Correctional Services said that “matters are under control” at Johannesburg’s Sun City Prison on Wed.
The Tshabalala orphans from Soweto were almost taken for a ride by a woman who wants to evict them from the house she had sold to their parents 10 years ago.
Lucky Tshabalala, the eldest of the orphans, said Kuksie Mahlangu, 67, sold the house to his parents in 1998 for R25000.
According to the sale agreement and an affidavit, Mahlangu agreed to hand over the house as soon as it was paid for.
The full and final amount was paid at Jabulani police station on February 18 1998 and Mahlangu acknowledged receipt of payment in an affidavit.
She also gave Lucky's parents the original copies of the title deed.
But Lucky said that his parents did not transfer the house to their children because they "were not educated".
He said his parents told him where they kept the documents.
His father died in 2002 and his mother followed a year later, leaving him to care for his siblings who are still at school, said Lucky.
His youngest sisters, aged 10 and 13, are the reason he decided to fight to keep the house, Lucky said, with tears in his eyes.
The house is still in Mahlangu's name because Lucky's parents did not understand the law and did not know that they had to transfer it. Lucky said Mahlangu was taking advantage of his late parents' ignorance.
He said acting superintendent Thoko Ndlovu of the Zola municipal office alerted him last week about the impending sale.
"The superintendent was on Mahlangu's side," said Lucky.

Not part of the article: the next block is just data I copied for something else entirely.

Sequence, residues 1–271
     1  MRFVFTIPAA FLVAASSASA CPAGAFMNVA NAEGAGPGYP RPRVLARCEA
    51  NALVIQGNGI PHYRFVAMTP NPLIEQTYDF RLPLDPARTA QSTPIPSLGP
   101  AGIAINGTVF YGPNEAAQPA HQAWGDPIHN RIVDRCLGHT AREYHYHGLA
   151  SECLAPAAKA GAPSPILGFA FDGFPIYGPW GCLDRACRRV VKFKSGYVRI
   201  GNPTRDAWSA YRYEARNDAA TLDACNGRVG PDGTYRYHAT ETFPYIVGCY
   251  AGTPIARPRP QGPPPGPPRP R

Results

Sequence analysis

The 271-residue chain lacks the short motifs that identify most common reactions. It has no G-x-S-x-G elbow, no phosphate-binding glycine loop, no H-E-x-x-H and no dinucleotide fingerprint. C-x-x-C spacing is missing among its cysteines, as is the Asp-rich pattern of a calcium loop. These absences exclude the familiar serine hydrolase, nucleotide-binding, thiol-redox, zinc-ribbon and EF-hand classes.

Lucky later met the buyer, who introduced himself only as Mkhwanazi, before he offered to get the orphans an RDP house and repay the R25000 that their parents had paid Mahlangu, said Lucky.
He said Mahlangu also pressured him to surrender the house to her.
"She told me that Mkhwanazi had a better offer than the one of my parents. She also said that we would not be left homeless because Mkhwanazi is well connected and would definitely get us an RDP house," Lucky said.
But Lucky said he refused and came to Sowetan for help.
"I find Mkhwanazi's and Mahlangu's greed revolting.
"How can they be so blinded by the love of money that they have no qualms about doing this to people, and orphans nogal?" asked Lucky.
Ndlovu confirmed that Mahlangu was determined to sell the house because it was never transferred.
But she denied that she was siding with Mahlangu and her buyer.
She said it may have sounded like that to Lucky because he did not have proof of the full purchase amount.
Ndlovu conceded that it was unacceptable and tantamount to fraud for Mahlangu to resell a house that she sold a decade ago.
She said it was unacceptable and would be frowned on for the sale to go through a second time.
Kathleen Potie Dlepu, of Molefe-Dlepu Attorneys and Conveyancers, said they had agreed to assist the Tshabalala orphans so as not to lose their parents' house, which is their inheritance.